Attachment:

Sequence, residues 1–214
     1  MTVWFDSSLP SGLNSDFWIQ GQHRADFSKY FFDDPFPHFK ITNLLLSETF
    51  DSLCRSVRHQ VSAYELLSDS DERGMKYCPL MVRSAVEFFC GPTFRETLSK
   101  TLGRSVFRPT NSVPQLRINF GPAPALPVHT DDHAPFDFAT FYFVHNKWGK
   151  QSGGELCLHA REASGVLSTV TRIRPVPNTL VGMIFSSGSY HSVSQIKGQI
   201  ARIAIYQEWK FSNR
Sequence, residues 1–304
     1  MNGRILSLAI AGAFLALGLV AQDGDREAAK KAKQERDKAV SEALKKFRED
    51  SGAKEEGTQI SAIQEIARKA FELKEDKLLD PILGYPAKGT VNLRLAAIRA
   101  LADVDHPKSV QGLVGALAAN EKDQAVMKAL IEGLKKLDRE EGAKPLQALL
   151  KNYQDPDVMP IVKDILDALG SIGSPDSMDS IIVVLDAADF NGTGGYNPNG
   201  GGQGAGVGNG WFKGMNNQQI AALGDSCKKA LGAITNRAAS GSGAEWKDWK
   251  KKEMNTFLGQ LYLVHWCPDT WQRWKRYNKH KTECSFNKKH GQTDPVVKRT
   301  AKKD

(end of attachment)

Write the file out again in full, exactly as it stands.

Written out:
Sequence, residues 1–214
     1  MTVWFDSSLP SGLNSDFWIQ GQHRADFSKY FFDDPFPHFK ITNLLLSETF
    51  DSLCRSVRHQ VSAYELLSDS DERGMKYCPL MVRSAVEFFC GPTFRETLSK
   101  TLGRSVFRPT NSVPQLRINF GPAPALPVHT DDHAPFDFAT FYFVHNKWGK
   151  QSGGELCLHA REASGVLSTV TRIRPVPNTL VGMIFSSGSY HSVSQIKGQI
   201  ARIAIYQEWK FSNR
Sequence, residues 1–304
     1  MNGRILSLAI AGAFLALGLV AQDGDREAAK KAKQERDKAV SEALKKFRED
    51  SGAKEEGTQI SAIQEIARKA FELKEDKLLD PILGYPAKGT VNLRLAAIRA
   101  LADVDHPKSV QGLVGALAAN EKDQAVMKAL IEGLKKLDRE EGAKPLQALL
   151  KNYQDPDVMP IVKDILDALG SIGSPDSMDS IIVVLDAADF NGTGGYNPNG
   201  GGQGAGVGNG WFKGMNNQQI AALGDSCKKA LGAITNRAAS GSGAEWKDWK
   251  KKEMNTFLGQ LYLVHWCPDT WQRWKRYNKH KTECSFNKKH GQTDPVVKRT
   301  AKKD